Furthermore, understand that a majority of inpatient/outpatient drug facilities are keeping up with high-standards set to ensure your safety upon entering their facility. Disinfectant policies and keeping residents safe are their highest priorities during this time. They don’t want the fear of contracting such a virus to keep you from seeking the help you need and deserve. Furthermore, walking on the path of sobriety while the news is blaring horror stories in your ear can be more detrimental than good for you at this time. Distance yourself and seek treatment during this time so that you can be distraction-free and focus on your recovery. Staying at home in fear will only increase your chances of your addiction exacerbating. Remember, your addiction is already putting you in a battle of life or death. You deserve to start walking on a path of safety and security, knowing your addiction is not overcoming your life.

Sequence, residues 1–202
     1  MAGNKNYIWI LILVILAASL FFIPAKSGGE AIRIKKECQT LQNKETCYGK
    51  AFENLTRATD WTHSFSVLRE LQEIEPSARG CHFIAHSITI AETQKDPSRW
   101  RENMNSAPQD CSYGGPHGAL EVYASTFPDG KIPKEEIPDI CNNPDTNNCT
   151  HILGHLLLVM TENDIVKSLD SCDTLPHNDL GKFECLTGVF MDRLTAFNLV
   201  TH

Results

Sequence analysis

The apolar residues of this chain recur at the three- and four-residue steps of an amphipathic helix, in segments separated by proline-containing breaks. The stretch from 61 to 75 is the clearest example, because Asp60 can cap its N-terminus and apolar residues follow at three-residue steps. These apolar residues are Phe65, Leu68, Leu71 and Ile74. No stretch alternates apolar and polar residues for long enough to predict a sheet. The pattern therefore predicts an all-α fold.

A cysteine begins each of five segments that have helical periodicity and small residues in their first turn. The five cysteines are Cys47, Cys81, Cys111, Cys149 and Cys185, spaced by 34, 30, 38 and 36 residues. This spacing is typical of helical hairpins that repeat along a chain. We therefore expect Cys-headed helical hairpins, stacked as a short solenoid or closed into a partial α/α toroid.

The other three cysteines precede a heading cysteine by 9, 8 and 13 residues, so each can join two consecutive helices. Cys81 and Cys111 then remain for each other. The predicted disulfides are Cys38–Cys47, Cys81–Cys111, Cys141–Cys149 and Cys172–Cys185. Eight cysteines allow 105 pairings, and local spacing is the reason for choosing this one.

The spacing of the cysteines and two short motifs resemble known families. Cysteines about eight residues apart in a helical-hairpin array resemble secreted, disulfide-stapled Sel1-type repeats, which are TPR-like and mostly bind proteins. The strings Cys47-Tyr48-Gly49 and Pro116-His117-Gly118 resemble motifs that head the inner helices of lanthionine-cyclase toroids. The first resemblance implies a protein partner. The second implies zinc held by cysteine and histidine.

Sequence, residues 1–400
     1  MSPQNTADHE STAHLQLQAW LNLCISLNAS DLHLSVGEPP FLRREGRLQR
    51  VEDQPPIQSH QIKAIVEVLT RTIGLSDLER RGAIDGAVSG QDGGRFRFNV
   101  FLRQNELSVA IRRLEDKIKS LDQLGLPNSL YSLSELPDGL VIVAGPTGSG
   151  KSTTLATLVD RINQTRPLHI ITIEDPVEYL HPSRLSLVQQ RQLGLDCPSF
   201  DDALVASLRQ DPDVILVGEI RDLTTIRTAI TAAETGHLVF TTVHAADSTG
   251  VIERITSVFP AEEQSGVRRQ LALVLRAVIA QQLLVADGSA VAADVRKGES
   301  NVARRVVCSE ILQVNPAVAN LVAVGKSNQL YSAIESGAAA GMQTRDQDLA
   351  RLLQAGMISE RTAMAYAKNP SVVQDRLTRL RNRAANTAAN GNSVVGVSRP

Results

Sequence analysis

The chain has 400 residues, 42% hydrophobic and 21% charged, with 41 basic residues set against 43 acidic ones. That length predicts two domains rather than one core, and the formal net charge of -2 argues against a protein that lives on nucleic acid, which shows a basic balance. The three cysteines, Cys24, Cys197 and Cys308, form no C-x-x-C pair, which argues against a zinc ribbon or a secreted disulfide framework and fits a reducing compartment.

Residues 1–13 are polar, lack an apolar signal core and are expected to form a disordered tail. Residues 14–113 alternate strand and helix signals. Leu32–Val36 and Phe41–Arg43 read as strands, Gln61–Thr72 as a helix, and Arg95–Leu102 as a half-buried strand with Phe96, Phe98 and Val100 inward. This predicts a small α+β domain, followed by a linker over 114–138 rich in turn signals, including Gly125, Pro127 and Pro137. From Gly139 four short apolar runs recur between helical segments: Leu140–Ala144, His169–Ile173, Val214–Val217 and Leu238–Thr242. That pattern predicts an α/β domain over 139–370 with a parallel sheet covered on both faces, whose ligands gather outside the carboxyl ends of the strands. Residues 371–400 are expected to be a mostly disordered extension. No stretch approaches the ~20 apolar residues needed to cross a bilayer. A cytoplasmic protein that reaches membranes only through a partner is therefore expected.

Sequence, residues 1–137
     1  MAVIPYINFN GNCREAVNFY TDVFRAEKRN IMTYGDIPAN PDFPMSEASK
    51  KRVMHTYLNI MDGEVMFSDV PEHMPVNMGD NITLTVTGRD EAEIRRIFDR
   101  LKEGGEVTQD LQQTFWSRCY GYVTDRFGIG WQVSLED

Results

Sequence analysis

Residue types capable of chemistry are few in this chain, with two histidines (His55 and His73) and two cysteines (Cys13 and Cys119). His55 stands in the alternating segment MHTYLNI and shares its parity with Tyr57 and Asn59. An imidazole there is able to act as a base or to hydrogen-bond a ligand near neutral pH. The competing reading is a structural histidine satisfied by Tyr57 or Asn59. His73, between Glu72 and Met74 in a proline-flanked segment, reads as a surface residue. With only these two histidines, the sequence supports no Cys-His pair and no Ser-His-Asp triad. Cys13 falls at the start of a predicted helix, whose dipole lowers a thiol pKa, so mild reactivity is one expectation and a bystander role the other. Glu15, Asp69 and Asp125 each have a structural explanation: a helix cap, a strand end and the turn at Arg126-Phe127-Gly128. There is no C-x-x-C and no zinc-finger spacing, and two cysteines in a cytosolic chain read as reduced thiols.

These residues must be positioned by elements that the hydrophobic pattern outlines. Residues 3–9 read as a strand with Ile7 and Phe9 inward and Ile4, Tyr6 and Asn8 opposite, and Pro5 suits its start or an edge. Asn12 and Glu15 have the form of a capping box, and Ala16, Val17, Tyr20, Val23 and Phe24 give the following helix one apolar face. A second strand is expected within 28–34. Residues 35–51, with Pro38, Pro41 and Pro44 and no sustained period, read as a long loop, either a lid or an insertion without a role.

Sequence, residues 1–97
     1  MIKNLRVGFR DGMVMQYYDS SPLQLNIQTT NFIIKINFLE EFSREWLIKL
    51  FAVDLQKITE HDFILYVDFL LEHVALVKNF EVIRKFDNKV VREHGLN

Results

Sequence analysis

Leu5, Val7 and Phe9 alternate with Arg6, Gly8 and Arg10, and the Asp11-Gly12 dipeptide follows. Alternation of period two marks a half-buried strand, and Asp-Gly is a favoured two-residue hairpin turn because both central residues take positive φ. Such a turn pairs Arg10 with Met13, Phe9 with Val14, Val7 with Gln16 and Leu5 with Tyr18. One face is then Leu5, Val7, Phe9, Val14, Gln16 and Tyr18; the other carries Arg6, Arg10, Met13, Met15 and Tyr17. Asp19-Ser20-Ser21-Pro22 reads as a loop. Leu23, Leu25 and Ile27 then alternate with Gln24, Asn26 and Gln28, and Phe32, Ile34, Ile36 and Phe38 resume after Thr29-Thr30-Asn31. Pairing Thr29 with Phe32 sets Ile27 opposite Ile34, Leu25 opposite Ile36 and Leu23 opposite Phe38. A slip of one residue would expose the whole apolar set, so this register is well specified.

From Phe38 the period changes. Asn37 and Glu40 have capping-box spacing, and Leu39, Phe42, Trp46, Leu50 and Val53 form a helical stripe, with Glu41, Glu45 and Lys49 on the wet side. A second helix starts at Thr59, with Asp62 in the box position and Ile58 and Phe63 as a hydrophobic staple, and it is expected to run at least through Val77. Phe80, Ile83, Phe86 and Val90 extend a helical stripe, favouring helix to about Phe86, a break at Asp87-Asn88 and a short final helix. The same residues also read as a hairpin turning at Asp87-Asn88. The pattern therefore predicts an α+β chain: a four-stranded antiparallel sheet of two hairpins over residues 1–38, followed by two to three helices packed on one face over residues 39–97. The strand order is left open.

Drug Abuse and the Coronavirus
As previously mentioned, people with compromised immune systems are most vulnerable to the coronavirus. Because COVID-19 is a respiratory disease which impairs breathing, people with a nicotine addiction are at a higher risk of contracting this virus. Moreover, smoking marijuna or inhaling hot smoke of any kind can be damaging to your lungs, making the user more vulnerable to COVID-19. Sharing joints, pipes, and paraphernalia further increases one’s chance as saliva contains virus-spreading germs.
The use of other drugs, such as cocaine, meth, heroin, and hallucinogens also put a user at risk of contracting this virus because drug abuse is proven to weaken one’s immune system. Additionally, since drug abuse opens one up to practicing other unhealthy social practices, such as sharing contaminated needles, sex, or meeting with people who have COVID-19 to obtain more illicit drugs, the user is up at an increased risk of exposure to this infectious pathogen.